Poll finds conservative with huge lead over Trump-backed Alabama candidate

Poll finds conservative with huge lead over Trump-backed Alabama candidate
© Greg Nash

Roy Moore has a nearly 20-point lead over Sen. Luther Strange (R-Ala.), the candidate backed by President Trump and Senate Majority Leader Mitch McConnellAddison (Mitch) Mitchell McConnellTrump declares war on hardworking Americans with new budget request The Hill's Morning Report — AG Barr, GOP senators try to rein Trump in Overnight Health Care: Nevada union won't endorse before caucuses after 'Medicare for All' scrap | McConnell tees up votes on two abortion bills | CDC confirms 15th US coronavirus case MORE (R-Ky.) in Alabama's Senate special election, according to a new poll.

The survey conducted by JMC Analytics and Polling found the former chief justice of Alabama's Supreme Court with 51 percent support, compared to 32 percent for Strange.

The two will face one another in a runoff election to be the GOP nominee on Sept. 26.

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Moore won the first battle of the primary on Tuesday, taking 39 percent to Strange's 31 percent. Rep. Mo BrooksMorris (Mo) Jackson BrooksRepublican group asks 'what is Trump hiding' in Times Square billboard Conservative group hits White House with billboard ads: 'What is Trump hiding?' Trump takes pulse of GOP on Alabama Senate race MORE (R-Ala.) fell out of the contest, taking 19 percent of the vote.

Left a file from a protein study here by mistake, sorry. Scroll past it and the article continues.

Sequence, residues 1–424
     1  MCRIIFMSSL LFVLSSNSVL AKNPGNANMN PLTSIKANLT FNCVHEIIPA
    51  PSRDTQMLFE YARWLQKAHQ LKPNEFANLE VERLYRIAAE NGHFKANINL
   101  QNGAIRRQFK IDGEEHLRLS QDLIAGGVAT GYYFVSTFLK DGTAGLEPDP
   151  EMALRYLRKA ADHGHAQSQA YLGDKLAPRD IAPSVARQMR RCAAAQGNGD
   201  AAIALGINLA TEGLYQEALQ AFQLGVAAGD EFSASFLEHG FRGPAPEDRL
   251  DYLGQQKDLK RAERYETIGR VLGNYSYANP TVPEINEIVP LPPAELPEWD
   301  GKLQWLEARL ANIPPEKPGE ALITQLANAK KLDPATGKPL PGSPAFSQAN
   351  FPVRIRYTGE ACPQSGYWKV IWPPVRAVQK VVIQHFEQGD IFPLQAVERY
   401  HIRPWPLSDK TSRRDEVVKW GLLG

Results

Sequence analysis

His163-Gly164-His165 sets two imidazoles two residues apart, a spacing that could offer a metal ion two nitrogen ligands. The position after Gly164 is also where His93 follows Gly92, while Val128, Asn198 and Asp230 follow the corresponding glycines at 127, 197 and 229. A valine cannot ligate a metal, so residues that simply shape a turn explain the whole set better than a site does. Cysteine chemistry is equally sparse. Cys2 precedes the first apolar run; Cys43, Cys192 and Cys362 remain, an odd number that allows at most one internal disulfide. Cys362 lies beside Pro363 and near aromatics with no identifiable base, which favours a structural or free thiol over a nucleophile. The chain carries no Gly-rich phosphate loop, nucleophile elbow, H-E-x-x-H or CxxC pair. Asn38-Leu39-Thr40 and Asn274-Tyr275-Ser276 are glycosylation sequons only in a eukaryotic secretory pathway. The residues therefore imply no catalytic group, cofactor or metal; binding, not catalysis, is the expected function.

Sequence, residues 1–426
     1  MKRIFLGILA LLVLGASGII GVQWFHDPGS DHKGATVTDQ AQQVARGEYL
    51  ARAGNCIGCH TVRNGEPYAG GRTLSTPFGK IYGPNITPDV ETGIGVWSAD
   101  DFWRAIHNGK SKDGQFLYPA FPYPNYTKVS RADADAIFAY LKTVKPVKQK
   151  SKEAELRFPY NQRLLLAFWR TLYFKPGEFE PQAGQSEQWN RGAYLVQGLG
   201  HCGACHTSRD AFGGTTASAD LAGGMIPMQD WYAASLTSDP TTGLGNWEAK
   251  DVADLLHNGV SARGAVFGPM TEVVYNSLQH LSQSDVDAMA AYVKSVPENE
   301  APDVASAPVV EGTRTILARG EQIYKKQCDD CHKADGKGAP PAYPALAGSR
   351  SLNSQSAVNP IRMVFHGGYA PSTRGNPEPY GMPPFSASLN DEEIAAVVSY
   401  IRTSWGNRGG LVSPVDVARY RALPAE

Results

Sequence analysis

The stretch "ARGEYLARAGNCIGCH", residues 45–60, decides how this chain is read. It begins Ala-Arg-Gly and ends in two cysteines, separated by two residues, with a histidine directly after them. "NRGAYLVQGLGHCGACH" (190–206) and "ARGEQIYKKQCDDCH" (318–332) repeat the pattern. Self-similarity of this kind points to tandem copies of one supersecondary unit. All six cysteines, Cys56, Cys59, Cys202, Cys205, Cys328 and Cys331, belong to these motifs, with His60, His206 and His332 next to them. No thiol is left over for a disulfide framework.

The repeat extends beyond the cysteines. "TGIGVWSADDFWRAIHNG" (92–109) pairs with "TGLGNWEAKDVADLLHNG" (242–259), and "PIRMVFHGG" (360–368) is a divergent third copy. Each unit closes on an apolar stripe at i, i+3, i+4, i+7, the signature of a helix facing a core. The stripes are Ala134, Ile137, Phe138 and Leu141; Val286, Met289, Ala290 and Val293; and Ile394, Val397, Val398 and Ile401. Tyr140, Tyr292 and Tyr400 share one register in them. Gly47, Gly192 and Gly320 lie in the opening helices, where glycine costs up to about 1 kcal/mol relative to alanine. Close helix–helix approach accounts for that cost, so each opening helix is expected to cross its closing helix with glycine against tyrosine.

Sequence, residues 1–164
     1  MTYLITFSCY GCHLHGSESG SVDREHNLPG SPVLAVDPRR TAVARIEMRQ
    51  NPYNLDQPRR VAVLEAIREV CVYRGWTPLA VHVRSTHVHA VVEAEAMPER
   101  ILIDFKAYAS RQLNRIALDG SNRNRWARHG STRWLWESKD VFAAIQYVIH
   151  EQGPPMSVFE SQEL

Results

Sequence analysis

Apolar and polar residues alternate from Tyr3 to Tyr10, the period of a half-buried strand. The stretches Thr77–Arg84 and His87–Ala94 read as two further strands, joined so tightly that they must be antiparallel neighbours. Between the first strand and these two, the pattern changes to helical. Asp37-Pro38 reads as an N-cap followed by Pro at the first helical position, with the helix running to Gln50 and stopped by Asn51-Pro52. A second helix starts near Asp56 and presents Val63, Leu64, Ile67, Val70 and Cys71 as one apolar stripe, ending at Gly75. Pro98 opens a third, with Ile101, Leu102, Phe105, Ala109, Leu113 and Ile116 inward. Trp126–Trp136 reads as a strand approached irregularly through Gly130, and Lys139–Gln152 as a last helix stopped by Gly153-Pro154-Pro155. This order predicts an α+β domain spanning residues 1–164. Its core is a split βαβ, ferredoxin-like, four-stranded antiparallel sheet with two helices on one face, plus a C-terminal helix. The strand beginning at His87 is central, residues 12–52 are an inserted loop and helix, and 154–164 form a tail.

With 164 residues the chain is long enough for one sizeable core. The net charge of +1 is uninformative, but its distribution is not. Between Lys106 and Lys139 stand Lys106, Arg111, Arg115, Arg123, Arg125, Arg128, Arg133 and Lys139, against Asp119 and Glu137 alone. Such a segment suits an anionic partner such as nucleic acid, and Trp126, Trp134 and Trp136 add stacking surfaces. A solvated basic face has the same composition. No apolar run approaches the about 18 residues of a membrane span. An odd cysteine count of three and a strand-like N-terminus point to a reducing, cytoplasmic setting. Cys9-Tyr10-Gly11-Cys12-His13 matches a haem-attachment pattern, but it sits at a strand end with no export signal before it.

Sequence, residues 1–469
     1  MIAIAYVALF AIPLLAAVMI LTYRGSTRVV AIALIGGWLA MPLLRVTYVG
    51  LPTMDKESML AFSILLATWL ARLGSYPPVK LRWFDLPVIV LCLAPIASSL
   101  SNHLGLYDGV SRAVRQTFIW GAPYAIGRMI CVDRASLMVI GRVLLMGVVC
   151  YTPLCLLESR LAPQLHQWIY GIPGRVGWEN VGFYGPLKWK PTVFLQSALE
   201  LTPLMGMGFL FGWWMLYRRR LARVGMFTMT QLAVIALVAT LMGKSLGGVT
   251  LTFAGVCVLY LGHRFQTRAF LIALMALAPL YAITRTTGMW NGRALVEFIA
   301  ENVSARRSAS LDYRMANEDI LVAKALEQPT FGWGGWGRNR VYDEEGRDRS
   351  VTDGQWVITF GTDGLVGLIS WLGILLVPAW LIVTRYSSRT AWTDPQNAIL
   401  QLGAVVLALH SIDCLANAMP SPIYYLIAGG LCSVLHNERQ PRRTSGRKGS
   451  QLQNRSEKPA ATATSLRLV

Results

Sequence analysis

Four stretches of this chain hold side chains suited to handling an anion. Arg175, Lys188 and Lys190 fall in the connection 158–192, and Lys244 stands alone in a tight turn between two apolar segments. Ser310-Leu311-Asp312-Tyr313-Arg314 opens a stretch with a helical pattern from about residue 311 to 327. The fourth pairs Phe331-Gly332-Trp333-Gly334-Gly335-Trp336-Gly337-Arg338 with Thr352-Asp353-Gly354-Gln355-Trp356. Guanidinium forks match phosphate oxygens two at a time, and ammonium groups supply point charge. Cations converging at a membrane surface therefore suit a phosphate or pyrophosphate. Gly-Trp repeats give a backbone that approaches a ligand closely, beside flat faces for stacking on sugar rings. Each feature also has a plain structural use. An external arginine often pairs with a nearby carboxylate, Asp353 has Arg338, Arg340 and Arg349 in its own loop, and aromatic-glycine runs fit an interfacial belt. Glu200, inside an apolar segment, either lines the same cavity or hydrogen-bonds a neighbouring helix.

Whoever wins the GOP nomination will be the favorite in the general election to succeed Jeff SessionsJefferson (Jeff) Beauregard SessionsAlabama Senate contender hits Sessions in new ad: 'Hillary still ain't in jail' Barr back on the hot seat McCabe: 'I don't think I will ever be free of this president and his maniacal rage' MORE, the GOP senator who gave up his seat to serve as Trump's attorney general. Strange was appointed to fill the seat until the election.

Still, Moore's win would give Democrats a ray of hope that they could contend for the seat.

And if Moore is elected, it would give McConnell a difficult new senator to contend with in Washington.

Trump's endorsement did little to help Strange, according to the JMC Analytics poll.

Twenty-five percent of respondents said Trump's backing made them more likely to support Strange, while 23 percent said it made them less likely to. Fifty-one percent were unmoved by the endorsement.

The survey was conducted from Aug. 17-19 and recorded 515 complete responses from registered voters in Alabama. The margin of error is 4.3 percent.